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In a java web application (servlets/spring mvc), using tomcat, is it possible to run a cron job type service?

e.g. every 15 minutes, purge the log database.

Can you do this in a way that is container independent, or it has to be run using tomcat or some other container?

Please specify if the method is guaranteed to run at a specific time or one that runs every 15 minutes, but may be reset etc. if the application recycles (that's how it is in .net if you use timers)

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Not sure why this was downvoted? +1 –  ryber Jan 11 '10 at 1:11

4 Answers 4

up vote 10 down vote accepted

As documented in Chapter 23. Scheduling and Thread Pooling, Spring has scheduling support through integration classes for the Timer and the Quartz Scheduler (http://www.quartz-scheduler.org/). For simple needs, I'd recommend to go with the JDK Timer.

Note that Java schedulers are usually used to trigger Java business oriented jobs. For sysadmin tasks (like the example you gave), you should really prefer cron and traditional admin tools (bash, etc).

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+1 for cron. (15 chars) –  Carl Smotricz Jan 11 '10 at 1:28

If you're using Spring, you can use the built-in Quartz or Timer hooks. See http://static.springsource.org/spring/docs/2.5.x/reference/scheduling.html

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It will be container-specific. You can do it in Java with Quartz or just using Java's scheduling concurrent utils (ScheduledExecutorService) or as an OS-level cron job.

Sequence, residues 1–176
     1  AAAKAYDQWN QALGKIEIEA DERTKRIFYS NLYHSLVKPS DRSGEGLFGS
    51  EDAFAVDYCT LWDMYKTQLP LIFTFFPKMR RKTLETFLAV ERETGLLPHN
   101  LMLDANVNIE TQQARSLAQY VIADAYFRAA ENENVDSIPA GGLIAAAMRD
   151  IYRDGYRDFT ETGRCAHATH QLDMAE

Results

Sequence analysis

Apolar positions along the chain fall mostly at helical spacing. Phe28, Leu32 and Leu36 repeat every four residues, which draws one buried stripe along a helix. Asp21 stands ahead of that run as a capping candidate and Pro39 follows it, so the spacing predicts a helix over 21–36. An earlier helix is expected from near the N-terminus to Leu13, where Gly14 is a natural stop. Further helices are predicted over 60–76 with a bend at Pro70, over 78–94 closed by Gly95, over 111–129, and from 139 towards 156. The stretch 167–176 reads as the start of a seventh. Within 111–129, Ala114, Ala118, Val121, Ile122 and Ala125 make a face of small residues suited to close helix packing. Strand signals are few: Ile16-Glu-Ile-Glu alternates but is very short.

Every 15 minutes seems extreme. Generally I'd also advise you only to truncate/delete log files that are no longer being written to (and they're generally rolled over overnight).

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cletus, the log file was just an example, but point taken. Would the ScheduledExecutorService run at a fixed/gauranteed interval, or it depends on app recycling etc.? –  mrblah Jan 11 '10 at 1:04

Jobs are batch oriented. Either by manual trigger or cron-style (as you seem to want).

Still I don't get your relation between webapp and cron-style job? The only webapp use-case I could think of is, that you want to have a HTTP endpoint to trigger a job (but this opposes your statement about being 'cron-style').

Generally use a dedicated framework, which solves the problem-area 'batch-jobs'. I can recommend quartz.

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